LONDON (Reuters) – Britain’s Financial Conduct Authority told banks and other lenders on Wednesday not to crack down on customers who will struggle after repayment holidays come to an end.
When the economy went into lockdown in March to fight the pandemic, regulators set out how providers of credit to consumers like personal loans, overdrafts, motor finance, buy-now-pay-later and pawnbrokers should offer payment deferrals.
Millions of consumers have requested three-month payment holidays. People can request a holiday until Oct. 31, meaning it could stretch to the end of next January.
The FCA set out guidance on Wednesday on how it expects banks and others to provide tailored support for those still struggling once a second three-month payment holiday ends.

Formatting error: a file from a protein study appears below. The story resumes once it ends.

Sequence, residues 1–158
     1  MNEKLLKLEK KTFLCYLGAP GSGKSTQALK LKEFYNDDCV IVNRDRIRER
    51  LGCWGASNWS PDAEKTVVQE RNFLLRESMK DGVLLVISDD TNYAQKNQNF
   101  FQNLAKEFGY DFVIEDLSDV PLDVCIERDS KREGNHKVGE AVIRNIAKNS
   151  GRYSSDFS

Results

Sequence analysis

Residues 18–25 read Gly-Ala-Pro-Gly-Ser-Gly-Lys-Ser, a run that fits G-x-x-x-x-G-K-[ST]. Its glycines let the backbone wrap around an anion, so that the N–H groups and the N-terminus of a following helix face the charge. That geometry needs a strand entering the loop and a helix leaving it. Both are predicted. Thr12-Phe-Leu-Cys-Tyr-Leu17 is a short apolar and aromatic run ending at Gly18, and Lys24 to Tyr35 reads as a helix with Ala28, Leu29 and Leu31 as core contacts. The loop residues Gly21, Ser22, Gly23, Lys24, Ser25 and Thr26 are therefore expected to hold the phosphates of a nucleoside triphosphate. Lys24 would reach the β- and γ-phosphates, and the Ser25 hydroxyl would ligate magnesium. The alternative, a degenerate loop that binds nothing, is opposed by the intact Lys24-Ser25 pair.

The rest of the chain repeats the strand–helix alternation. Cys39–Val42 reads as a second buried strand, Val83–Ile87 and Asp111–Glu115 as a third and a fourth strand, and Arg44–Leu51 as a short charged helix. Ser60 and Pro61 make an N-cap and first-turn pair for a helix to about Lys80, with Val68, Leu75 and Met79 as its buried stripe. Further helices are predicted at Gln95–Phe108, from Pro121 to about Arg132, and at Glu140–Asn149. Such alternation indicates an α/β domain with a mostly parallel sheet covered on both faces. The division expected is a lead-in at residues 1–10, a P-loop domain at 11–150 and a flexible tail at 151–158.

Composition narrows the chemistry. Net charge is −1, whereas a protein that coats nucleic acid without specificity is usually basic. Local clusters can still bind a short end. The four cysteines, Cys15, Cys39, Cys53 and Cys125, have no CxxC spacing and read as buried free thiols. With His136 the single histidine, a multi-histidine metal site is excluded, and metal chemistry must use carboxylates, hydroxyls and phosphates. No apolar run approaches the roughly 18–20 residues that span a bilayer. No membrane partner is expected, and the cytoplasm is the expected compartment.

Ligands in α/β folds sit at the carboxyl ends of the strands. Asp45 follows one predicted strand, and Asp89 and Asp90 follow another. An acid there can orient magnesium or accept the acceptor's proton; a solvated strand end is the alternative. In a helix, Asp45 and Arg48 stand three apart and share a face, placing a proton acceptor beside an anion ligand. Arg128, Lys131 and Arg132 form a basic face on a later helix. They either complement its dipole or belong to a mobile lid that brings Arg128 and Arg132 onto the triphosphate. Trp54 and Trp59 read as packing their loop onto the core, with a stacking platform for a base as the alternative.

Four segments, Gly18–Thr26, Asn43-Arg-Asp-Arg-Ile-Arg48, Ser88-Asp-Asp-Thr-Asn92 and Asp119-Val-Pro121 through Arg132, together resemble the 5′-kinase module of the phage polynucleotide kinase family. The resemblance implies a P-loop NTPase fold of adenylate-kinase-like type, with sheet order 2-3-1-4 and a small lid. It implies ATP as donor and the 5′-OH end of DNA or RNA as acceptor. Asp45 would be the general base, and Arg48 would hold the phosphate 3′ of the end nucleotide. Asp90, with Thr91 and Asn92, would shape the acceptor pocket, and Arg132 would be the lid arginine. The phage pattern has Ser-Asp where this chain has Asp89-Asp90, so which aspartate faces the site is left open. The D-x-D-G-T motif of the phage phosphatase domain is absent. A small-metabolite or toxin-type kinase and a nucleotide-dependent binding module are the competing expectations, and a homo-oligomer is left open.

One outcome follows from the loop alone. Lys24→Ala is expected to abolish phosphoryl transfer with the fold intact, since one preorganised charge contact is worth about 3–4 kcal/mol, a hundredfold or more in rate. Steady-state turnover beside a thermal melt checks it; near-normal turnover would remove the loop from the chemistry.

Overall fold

Banks should provide support before a payment is missed, be flexible, such as by offering lower interest rates, or agreeing staged reductions in overdraft limits to minimise stress and anxiety for customers, it said.
They must not pressurise customers into repaying their debt within an unreasonably short period of time, the FCA said.
“Our proposals are designed to help people who have been facing payment difficulties because of the pandemic get back on track with tailored support from firms,” FCA interim CEO Christopher Woolard said.
“For those who can restart payments, it is in their best interests to do so.”
Firms regulated by the FCA are required to treat customers fairly at all times, and breaching this rule under the proposed guidance could lead to enforcement action.
Reporting by Huw Jones;Editing by Elaine Hardcastle